The other reason that shells should be programmable
I gave several sensible low-level reasons why Unix shells should be programmable in WhyShellLanguages. But the higher level reason why is simpler: shells should be programmable because it helps people grow their expertise.
If doing sophisticated Unix glue things is done with a separate language, there is a huge barrier to entry; you have to learn an entirely new language before you can start doing even relatively small things. Many ordinary users are simply not going to have either the interest or the time to invest (especially when it may not be clear if they can get anything they're interested out of it).
By contrast, letting the shell be programmable in the same language that you use at the command prompt lets you grow slowly in your usual environment. Learning a little bit immediately makes you a little bit more productive (assuming that you pick the right little bits), which gives you good feedback and thus encourages more learning.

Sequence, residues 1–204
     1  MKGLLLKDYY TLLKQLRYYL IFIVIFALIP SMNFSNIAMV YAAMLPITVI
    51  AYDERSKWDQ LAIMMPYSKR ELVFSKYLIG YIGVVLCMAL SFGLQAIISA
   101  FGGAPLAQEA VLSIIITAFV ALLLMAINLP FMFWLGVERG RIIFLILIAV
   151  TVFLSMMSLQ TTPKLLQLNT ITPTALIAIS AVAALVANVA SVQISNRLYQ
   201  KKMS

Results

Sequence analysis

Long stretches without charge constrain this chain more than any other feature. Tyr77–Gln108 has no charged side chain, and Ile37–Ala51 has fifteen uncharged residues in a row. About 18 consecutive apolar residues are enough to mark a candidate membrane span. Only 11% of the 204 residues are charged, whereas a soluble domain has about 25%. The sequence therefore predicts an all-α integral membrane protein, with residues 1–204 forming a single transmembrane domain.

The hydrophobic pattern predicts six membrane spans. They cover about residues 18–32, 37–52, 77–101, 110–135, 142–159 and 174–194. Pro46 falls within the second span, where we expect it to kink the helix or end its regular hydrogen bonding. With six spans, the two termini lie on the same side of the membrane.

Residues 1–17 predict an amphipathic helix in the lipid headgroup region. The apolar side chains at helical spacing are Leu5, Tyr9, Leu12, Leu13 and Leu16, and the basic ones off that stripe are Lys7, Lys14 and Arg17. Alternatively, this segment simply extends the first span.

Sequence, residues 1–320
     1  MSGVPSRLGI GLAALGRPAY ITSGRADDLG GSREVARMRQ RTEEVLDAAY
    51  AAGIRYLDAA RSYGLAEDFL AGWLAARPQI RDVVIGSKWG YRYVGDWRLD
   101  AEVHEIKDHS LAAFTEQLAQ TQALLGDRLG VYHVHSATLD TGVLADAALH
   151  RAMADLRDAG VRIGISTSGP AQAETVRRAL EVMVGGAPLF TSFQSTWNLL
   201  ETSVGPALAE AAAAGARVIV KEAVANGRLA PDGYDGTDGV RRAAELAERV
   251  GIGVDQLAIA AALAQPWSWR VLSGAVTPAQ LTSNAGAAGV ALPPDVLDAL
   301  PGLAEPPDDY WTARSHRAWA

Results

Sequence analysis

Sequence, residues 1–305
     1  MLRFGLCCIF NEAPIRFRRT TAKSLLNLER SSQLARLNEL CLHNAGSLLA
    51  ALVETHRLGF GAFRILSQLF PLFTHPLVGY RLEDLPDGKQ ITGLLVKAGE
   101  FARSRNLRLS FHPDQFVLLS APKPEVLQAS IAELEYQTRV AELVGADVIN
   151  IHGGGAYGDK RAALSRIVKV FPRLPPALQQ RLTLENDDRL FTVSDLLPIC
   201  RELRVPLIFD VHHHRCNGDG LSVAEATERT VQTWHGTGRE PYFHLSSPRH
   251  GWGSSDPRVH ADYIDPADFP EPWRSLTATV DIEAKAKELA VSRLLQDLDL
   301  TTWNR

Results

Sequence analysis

(I also believe that things are easier to learn when you can immediately apply them and thus both test and reinforce your knowledge. It's sort of like testing a program bit by bit as you write it, instead of writing it all and only then testing it at the end.)
Or in short: a programmable shell encourages starting users to become expert users by giving them a shallow learning curve with immediate rewards.
(A sub-case of this is learning how to write and customize your own dotfiles, although the more I think about it the more I suspect that most people start out with aliases and little commands.)
Note that there is a chicken and egg problem here if you have to understand how to program your shell in order to see what being able to program your shell can get you. One advantage of decent programmable shells is that it's relatively clear in advance what you get from learning a bit of shell programming; you get to wrap conditions and logic around your commands.